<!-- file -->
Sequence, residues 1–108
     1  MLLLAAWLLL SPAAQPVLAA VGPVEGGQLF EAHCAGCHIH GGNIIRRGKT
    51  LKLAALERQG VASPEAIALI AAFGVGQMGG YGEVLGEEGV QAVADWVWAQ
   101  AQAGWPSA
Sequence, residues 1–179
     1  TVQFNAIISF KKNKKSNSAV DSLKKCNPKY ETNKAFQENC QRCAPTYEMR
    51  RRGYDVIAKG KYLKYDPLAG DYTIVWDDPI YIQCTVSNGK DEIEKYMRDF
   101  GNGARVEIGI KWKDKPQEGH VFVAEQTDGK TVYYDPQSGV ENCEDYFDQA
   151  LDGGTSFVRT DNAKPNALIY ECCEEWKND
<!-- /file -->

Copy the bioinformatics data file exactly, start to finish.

Sequence, residues 1–108
     1  MLLLAAWLLL SPAAQPVLAA VGPVEGGQLF EAHCAGCHIH GGNIIRRGKT
    51  LKLAALERQG VASPEAIALI AAFGVGQMGG YGEVLGEEGV QAVADWVWAQ
   101  AQAGWPSA
Sequence, residues 1–179
     1  TVQFNAIISF KKNKKSNSAV DSLKKCNPKY ETNKAFQENC QRCAPTYEMR
    51  RRGYDVIAKG KYLKYDPLAG DYTIVWDDPI YIQCTVSNGK DEIEKYMRDF
   101  GNGARVEIGI KWKDKPQEGH VFVAEQTDGK TVYYDPQSGV ENCEDYFDQA
   151  LDGGTSFVRT DNAKPNALIY ECCEEWKND